It was our local council clean-up last weekend. The chance to throw out old goods and chattels. The streets were lined with ‘stuff’ and it got me thinking. Why do we need all this ‘stuff’? And does all this stuff (whether having thrown it away or still owning some) make us really happy?

The standard measure of society

We know that Gross Domestic Product (GDP) measures the value of ‘stuff’ made by a country. It’s considered a measure of the standard of living. Feel free to look at the full Wiki-definition @

However GDP was invented post WWII when Britain needed to rebuild and its people needed stuff, lots of stuff.

In Australian society today, and all Western societies for that matter, whilst we have an addiction to economic consumerism (as reinforced by the piles of stuff outside people’s homes) I challenge whether GDP is the right measure for a quality standard of living.

Stuff doesn’t = happiness

GDP implies making (and therefore owning) more stuff makes people happier. However it ignores other indicators such as work/life balance, eco-friendliness, quality time with family & friends, and true happiness.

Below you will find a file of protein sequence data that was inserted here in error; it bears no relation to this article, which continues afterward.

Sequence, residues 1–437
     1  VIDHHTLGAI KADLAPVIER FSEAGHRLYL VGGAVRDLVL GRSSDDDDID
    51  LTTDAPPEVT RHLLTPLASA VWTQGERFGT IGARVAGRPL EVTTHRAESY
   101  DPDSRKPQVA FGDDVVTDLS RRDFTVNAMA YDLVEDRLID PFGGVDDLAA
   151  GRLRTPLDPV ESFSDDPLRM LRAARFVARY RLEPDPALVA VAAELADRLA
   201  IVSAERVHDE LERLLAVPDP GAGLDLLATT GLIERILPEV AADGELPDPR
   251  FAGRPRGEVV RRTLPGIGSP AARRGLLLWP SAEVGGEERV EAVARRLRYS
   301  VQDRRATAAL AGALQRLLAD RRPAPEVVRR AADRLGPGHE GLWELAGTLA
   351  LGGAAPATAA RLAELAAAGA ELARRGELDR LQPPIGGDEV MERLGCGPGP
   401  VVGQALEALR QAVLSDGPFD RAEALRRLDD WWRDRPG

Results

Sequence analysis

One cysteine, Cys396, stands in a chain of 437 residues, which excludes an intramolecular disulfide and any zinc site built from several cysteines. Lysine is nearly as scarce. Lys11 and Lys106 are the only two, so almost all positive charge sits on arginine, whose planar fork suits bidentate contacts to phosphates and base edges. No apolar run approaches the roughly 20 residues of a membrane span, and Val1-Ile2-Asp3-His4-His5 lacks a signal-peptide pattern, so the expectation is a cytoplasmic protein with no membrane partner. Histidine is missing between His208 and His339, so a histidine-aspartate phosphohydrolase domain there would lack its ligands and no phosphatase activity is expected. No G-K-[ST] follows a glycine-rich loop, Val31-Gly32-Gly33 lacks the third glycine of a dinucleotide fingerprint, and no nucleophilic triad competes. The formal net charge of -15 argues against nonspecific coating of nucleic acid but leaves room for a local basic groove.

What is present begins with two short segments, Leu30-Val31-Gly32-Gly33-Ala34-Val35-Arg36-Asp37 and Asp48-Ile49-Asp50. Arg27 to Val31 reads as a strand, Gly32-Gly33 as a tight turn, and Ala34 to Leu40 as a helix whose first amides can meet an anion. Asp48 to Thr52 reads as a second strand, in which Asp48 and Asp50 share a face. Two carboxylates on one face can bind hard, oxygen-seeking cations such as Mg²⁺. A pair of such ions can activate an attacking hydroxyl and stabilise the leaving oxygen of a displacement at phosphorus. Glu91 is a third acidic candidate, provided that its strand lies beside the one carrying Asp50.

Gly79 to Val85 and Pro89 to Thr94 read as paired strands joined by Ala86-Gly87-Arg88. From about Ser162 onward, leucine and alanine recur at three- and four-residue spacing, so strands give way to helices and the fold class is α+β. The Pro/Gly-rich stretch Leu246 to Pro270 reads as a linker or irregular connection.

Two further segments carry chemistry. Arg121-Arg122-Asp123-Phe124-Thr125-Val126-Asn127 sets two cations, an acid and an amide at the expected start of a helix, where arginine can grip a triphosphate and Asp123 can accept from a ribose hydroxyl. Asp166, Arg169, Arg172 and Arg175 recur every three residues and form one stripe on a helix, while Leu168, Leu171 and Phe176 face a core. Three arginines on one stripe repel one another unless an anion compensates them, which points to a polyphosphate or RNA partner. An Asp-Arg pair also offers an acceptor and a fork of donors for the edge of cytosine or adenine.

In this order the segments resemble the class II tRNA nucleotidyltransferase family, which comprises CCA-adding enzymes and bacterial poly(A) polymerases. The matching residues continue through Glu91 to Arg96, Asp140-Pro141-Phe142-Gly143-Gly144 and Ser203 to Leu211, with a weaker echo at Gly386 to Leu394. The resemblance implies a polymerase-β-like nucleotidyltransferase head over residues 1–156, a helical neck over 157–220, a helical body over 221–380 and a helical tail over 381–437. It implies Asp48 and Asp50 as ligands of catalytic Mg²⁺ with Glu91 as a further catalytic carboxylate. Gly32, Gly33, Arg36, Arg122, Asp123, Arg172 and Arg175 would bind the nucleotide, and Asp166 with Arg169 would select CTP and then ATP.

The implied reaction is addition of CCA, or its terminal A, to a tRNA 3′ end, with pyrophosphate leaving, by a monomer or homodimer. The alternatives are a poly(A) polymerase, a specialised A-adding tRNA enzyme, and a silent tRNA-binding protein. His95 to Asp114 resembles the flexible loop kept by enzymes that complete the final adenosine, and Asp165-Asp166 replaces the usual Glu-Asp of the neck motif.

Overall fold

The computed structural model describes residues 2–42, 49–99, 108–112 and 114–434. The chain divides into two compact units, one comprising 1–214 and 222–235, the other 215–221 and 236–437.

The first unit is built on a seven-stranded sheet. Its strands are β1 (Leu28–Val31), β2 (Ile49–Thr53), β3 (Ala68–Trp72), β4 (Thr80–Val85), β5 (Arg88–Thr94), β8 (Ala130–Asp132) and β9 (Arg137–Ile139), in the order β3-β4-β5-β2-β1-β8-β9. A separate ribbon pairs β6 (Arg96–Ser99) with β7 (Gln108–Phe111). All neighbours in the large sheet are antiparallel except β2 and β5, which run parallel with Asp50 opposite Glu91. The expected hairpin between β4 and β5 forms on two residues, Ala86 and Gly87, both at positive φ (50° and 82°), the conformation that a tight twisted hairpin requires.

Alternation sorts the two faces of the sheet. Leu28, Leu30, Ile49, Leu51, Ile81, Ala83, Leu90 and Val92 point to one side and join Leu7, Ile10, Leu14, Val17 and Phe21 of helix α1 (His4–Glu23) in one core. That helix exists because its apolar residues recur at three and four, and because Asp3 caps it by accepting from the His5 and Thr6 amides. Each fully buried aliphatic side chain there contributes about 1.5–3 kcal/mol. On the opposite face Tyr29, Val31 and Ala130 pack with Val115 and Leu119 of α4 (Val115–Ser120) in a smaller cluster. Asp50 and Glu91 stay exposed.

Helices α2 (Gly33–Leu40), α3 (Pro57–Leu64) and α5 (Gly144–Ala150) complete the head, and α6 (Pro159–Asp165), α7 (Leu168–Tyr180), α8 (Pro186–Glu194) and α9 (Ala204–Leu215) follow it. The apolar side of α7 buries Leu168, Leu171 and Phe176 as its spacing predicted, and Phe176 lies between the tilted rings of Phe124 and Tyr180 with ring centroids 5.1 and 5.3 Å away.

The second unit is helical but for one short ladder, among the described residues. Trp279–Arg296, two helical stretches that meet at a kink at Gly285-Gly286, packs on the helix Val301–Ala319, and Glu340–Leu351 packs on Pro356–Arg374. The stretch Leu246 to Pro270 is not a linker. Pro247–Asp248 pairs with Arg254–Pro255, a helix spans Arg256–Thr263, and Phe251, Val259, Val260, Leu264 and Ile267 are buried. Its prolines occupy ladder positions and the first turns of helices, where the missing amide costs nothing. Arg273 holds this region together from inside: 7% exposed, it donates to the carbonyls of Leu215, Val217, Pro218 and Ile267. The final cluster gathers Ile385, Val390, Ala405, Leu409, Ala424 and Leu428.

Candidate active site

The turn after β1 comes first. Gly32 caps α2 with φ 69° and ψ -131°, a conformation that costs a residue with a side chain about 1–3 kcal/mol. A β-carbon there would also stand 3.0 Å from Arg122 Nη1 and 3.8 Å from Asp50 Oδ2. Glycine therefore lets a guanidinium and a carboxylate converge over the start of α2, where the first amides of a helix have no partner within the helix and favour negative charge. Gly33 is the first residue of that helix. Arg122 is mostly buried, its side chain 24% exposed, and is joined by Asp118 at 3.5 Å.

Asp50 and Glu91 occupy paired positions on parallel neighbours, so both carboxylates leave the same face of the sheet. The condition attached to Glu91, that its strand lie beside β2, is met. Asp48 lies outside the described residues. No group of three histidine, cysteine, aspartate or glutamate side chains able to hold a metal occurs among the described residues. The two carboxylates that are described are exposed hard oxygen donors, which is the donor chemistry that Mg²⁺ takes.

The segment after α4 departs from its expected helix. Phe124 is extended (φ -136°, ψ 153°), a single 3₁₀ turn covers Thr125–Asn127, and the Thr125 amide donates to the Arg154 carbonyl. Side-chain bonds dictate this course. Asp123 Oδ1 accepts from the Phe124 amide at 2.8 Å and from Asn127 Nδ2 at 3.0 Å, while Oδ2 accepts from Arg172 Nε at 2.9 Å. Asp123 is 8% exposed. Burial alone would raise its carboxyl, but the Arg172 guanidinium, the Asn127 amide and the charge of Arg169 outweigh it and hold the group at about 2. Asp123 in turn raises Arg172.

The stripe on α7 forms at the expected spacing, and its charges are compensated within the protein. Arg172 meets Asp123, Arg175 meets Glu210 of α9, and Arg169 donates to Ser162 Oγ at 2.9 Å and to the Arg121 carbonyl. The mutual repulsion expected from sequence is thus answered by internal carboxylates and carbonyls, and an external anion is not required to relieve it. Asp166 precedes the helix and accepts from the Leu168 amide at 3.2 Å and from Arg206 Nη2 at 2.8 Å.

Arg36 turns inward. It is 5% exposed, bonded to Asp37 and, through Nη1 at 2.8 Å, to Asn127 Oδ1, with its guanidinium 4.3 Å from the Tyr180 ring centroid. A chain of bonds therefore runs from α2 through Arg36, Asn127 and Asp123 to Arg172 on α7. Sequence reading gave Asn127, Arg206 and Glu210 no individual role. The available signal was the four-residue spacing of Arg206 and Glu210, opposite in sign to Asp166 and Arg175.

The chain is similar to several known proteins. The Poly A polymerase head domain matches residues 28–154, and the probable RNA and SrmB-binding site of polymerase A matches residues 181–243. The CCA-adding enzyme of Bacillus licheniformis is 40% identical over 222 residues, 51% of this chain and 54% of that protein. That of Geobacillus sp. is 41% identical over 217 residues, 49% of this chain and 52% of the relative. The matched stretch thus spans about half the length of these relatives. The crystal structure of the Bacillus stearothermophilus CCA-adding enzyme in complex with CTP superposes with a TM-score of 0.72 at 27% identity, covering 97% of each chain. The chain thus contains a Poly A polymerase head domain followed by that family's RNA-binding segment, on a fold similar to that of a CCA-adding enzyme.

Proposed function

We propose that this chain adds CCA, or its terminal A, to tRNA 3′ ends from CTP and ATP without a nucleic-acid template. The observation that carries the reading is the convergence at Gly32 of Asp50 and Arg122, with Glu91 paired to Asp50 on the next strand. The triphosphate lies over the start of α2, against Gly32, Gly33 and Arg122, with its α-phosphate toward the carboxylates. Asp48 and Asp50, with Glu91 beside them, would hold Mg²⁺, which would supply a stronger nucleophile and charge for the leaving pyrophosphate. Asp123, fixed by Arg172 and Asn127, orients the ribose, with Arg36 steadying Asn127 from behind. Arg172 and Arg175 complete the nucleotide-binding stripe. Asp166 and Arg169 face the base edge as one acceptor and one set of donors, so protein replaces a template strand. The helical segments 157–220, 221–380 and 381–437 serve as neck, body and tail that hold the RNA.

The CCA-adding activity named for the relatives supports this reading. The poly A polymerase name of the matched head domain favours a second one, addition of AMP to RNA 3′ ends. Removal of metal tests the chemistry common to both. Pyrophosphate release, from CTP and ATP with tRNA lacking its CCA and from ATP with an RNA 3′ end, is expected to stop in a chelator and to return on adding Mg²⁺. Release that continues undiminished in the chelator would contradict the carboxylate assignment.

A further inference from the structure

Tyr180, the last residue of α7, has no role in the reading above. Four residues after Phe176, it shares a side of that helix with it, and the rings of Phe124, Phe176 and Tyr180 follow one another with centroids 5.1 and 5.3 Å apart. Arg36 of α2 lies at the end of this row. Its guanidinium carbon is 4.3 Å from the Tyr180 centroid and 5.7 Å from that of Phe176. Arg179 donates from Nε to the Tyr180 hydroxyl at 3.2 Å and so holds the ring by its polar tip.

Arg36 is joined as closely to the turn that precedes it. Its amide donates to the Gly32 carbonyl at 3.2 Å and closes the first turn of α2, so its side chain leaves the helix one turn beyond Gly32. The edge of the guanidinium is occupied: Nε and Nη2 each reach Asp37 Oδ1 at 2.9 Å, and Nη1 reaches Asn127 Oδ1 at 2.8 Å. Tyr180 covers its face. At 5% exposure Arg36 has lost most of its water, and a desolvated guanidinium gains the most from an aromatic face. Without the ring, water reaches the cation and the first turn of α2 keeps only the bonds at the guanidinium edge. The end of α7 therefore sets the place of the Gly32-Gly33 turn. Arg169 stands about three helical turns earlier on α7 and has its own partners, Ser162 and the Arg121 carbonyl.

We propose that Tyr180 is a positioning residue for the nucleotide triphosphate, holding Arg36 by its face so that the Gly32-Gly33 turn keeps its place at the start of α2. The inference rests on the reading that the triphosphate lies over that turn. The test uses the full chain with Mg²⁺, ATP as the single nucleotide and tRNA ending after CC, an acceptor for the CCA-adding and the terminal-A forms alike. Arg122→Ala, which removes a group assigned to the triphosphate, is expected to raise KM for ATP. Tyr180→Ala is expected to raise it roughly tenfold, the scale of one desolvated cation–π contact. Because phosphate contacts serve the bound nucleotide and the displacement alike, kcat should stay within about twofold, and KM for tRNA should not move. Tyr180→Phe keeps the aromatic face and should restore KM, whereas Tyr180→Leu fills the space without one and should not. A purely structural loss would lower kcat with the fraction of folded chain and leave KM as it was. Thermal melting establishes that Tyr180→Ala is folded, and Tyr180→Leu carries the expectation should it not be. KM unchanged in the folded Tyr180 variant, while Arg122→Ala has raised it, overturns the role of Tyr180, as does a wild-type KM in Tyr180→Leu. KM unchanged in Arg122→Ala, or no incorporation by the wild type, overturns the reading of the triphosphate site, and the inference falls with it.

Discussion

Recently I read an article about Britain being the first nation to officially record the happiness of its people (Gross Domestic Happiness)! Well some may say that there’s no need to measure that in Britain as they’re always a miserable lot, however with the impending Royal Wedding of William and Kate and the 2012 Olympics I’m sure Brits will be trending in the right direction.

Yes, in early April 2011, the UK Office of National Statistics sent out 200,000 questionnaires with 4 key questions:

  1. Overall, how satisfied are you with your life nowadays?
  2. Overall, how happy did you feel yesterday?
  3. Overall, how anxious did you feel yesterday?
  4. Overall, to what extent do you feel that things you do in your life are worthwhile?

The results (as measured on a scale from 0 – 10) will be very interesting. Whatever they are, I believe it’s the start of a major trend in moving beyond thinking that ‘stuff’ makes us happy.

It’s the start towards thinking differently and that there is in fact more to life.

So I challenge everyone at your next council clean-up, don’t throw anything away. Re-cycle what you can by giving to charity. Or better still don’t buy new stuff!

And if you’re a marketer trying to sell us stuff, I challenge you to reassess the measures that you are using. What insights are you really acting on for your business? And are they measuring shifts in consumer happiness?

Happy hunting

If you want to explore happiness in a little more depth, then join the conversations at:

Be inspired by the Dalai Lama:

“Happiness is not something ready made. It comes from your own actions.”